US paratroopers deploying to Afghanistan’s southern Kandahar province brought along Black Hornet Personal Reconnaissance Systems - tiny, pocket-sized spy drones that look like miniature helicopters. Soldiers from the 3rd Brigade Combat Team, 82nd Airborne Division, took some with them and used them for security during a recent visit with civilian leaders in an Afghan village.
“The Black Hornet provided overhead surveillance for the patrol as it gauged security in the region and spoke to local Afghans about their concerns,” a Friday statement by the 82nd Airborne Division said, noting the paratroopers “routinely employ the system” to minimize dangers in combat situations.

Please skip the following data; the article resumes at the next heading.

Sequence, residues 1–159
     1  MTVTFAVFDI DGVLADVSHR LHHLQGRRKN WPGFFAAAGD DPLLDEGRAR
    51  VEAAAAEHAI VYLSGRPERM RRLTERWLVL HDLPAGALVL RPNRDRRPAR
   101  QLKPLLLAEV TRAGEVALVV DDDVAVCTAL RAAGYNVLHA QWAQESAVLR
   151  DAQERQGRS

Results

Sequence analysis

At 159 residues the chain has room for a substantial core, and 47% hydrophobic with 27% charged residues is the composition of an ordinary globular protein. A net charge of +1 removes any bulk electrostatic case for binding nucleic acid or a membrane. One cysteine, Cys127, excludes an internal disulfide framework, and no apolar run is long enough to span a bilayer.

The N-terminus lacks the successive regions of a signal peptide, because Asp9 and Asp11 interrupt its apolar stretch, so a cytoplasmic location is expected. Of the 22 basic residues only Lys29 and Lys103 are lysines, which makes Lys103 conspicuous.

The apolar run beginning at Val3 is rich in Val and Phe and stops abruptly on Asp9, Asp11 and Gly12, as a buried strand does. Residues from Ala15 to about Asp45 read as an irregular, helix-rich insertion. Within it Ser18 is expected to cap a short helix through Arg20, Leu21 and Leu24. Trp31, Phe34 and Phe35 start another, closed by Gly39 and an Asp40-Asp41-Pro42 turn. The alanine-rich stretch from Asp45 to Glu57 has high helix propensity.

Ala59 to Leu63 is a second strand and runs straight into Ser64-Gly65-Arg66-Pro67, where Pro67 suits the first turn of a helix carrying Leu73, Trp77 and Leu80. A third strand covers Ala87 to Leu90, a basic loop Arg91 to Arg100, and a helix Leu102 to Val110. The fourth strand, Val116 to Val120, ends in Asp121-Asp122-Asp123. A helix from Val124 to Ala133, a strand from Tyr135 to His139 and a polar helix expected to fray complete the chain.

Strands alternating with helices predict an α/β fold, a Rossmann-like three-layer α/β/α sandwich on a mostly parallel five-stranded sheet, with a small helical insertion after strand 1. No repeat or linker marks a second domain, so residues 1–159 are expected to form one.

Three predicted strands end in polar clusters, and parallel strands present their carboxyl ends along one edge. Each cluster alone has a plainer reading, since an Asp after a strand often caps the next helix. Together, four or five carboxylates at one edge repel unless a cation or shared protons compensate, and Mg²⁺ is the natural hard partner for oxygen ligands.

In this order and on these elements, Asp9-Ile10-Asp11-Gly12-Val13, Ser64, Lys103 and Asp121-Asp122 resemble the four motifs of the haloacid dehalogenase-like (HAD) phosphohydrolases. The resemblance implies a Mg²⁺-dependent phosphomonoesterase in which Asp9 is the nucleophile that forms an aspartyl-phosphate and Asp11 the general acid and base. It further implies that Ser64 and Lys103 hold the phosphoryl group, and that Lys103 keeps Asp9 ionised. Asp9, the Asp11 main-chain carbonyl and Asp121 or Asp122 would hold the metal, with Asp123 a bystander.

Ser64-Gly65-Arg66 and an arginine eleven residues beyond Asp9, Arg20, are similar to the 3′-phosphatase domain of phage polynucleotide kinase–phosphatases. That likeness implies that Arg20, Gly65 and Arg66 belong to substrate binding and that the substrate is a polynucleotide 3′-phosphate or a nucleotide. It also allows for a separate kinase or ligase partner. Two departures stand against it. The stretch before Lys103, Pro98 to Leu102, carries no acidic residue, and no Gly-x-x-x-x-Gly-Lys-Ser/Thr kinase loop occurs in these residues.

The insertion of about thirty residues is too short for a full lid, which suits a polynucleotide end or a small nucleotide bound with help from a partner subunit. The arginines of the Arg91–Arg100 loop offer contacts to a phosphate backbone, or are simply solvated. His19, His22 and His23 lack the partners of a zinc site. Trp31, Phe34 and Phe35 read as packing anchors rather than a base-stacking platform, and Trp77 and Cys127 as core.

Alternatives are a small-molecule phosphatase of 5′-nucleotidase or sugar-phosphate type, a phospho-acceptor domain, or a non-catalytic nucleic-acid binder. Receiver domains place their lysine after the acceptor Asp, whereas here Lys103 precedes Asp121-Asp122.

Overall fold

The drones come in a pack of two and weigh just 18 grams each - about the weight of an adult mouse, Sputnik reported. Each drone has both regular and thermal cameras to provide remote viewing up to a mile away. They can fly for up to 25 minutes and reach speeds of 10 meters per second. They only take about two minutes to deploy, and they can navigate either by GPS connection or in GPS-denied environments.
The Army, which has signed a $40 million contract with FLIR Systems to provide the service with 9,000 Black Hornet systems, said in 2018 it expects to eventually issue a set of Black Hornets to every squad in service.